Yes, most definitely, the fact that Jimmy Howard engaged the Blues who ran him was very good to see, and Hudler’s late power play goal restored the kind of tenacity to the Wings’ play that was missing for the vast majority of the last 100+-minutes of Wings hockey, but the Blues dictated the pace of play for the vast majority of the game, rallied from a 1-0 deficit via two power play goals (when the Blues’ power play is supposed to stink like cheese, but it scored 2, and the Wings’ power play is supposed to be the great equalizer, but it came up full of turnovers when it mattered the most)—and two very quick third period goals which opened up the game and more or less decided its outcome…
Because, when the Wings’ confidence took the kind of body blows that you and I’d probably hoped the newfound leadership from players like Franzen (who scored a gorgeous, determined goal) and Howard had assuaged, it didn’t recover until the game’s final minutes, when Cleary’s goal at least salvaged some pride, but did little more.
The Wings are still a team in transition, still a team looking for leaders and players to step up and make the right, simple plays when necessary, and when the team starts playing sloppily and pays for it, it’s as if the mighty Red Machine starts to sputter and wail, affording its opponent a remarkable amount of confidence and poise against a team that can seemingly no longer get through the neutral zone with speed, break through at trapping defense, sustain any sort of offensive pressure or generate secondary scoring chances.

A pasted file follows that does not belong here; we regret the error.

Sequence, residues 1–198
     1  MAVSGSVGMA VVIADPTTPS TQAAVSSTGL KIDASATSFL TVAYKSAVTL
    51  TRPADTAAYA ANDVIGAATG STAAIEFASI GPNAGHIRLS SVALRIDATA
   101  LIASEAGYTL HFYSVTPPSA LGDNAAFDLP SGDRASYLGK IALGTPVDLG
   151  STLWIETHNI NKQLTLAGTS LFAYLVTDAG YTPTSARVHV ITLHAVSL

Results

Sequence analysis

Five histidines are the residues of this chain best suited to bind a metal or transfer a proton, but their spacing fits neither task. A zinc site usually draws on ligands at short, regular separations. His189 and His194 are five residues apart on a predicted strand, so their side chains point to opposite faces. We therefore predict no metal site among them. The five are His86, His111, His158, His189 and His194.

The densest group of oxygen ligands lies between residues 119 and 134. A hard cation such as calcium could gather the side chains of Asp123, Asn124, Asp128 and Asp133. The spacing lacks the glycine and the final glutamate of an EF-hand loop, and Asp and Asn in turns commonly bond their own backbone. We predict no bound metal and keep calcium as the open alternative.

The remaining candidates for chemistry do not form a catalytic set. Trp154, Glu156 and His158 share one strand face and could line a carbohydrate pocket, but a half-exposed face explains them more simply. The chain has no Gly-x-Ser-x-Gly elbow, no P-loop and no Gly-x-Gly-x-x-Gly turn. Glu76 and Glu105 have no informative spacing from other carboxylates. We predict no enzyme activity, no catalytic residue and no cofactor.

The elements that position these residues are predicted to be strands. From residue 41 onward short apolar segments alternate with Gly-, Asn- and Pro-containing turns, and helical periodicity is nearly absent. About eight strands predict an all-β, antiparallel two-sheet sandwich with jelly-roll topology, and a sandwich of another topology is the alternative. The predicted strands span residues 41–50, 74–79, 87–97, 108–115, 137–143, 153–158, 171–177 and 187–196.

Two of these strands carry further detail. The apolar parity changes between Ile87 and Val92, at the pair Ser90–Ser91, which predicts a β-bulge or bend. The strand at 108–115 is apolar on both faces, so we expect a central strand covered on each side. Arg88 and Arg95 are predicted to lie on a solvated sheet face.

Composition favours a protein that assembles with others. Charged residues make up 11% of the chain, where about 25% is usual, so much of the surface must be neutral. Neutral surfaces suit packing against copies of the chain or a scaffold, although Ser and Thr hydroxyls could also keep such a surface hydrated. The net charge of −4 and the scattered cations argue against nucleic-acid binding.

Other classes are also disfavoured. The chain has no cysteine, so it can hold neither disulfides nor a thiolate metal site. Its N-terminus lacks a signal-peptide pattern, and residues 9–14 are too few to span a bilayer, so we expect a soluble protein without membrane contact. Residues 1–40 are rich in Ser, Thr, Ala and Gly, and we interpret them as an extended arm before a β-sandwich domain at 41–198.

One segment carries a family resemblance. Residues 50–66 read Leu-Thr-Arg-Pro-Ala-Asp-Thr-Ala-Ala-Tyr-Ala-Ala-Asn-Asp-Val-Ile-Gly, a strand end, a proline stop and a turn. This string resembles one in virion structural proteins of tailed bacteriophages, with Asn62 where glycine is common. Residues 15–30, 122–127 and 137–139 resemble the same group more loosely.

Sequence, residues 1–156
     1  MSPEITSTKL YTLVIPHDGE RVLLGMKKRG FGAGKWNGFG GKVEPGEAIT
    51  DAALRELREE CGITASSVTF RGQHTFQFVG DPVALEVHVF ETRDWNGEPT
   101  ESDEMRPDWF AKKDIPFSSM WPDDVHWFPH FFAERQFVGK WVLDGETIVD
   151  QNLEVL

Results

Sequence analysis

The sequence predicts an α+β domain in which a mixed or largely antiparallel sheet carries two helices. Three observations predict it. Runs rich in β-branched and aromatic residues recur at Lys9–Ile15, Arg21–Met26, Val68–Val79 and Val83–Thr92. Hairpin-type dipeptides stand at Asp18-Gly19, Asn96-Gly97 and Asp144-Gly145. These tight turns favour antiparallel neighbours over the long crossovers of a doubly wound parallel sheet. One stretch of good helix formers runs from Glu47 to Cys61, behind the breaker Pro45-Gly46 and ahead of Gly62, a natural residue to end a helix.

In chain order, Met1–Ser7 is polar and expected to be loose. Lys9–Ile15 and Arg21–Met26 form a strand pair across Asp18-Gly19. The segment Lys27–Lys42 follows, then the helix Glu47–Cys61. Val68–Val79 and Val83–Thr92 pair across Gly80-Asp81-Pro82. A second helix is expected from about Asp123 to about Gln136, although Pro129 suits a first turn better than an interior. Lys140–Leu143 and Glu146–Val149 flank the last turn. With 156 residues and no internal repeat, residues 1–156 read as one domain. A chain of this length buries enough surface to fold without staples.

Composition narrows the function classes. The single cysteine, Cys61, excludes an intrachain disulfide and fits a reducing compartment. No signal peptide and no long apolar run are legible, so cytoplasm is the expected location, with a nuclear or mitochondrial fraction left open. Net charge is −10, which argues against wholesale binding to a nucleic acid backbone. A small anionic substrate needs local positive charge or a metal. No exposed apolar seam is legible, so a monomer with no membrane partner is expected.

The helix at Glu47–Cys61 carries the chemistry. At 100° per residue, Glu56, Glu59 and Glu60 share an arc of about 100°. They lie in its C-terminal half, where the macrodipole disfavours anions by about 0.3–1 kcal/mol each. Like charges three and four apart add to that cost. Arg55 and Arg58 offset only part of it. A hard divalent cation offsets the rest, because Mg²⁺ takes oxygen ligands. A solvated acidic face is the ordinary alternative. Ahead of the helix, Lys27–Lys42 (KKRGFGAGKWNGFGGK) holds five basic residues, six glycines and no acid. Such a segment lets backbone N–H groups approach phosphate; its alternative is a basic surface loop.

Once the Wings surrendered a 2-goal lead, they spent the vast majority of the third period giving away pucks, over-passing and all but literally skating into the five men stacked at the Blues’ blueline, essentially running themselves over when the Blues weren’t running ‘em down. And as the last desperate flourish showed, it’s not as if the Wings lack the talent necessary to rally from multi-goal deficits in the third period, or salvage games after making doofy mistakes—it’s as if they don’t seem to believe that their reserve of guts, gumption and leadership is there anymore now that they don’t have Kris Draper, Chris Osgood and Brian Rafalski on the bench, all but serving as de-facto assistant coaches.